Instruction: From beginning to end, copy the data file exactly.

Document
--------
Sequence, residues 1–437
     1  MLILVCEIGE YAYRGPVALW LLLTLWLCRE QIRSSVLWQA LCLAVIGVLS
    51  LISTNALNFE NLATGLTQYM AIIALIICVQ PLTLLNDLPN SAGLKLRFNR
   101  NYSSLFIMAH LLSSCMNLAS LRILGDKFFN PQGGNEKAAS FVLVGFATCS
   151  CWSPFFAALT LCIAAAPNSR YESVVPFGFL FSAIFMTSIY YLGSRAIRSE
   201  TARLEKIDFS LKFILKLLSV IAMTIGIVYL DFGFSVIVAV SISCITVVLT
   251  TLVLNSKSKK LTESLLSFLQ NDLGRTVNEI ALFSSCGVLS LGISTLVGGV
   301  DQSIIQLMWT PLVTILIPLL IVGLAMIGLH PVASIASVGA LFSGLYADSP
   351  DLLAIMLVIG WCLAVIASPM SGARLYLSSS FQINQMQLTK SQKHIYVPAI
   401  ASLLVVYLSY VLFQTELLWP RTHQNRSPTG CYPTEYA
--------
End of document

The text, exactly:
Sequence, residues 1–437
     1  MLILVCEIGE YAYRGPVALW LLLTLWLCRE QIRSSVLWQA LCLAVIGVLS
    51  LISTNALNFE NLATGLTQYM AIIALIICVQ PLTLLNDLPN SAGLKLRFNR
   101  NYSSLFIMAH LLSSCMNLAS LRILGDKFFN PQGGNEKAAS FVLVGFATCS
   151  CWSPFFAALT LCIAAAPNSR YESVVPFGFL FSAIFMTSIY YLGSRAIRSE
   201  TARLEKIDFS LKFILKLLSV IAMTIGIVYL DFGFSVIVAV SISCITVVLT
   251  TLVLNSKSKK LTESLLSFLQ NDLGRTVNEI ALFSSCGVLS LGISTLVGGV
   301  DQSIIQLMWT PLVTILIPLL IVGLAMIGLH PVASIASVGA LFSGLYADSP
   351  DLLAIMLVIG WCLAVIASPM SGARLYLSSS FQINQMQLTK SQKHIYVPAI
   401  ASLLVVYLSY VLFQTELLWP RTHQNRSPTG CYPTEYA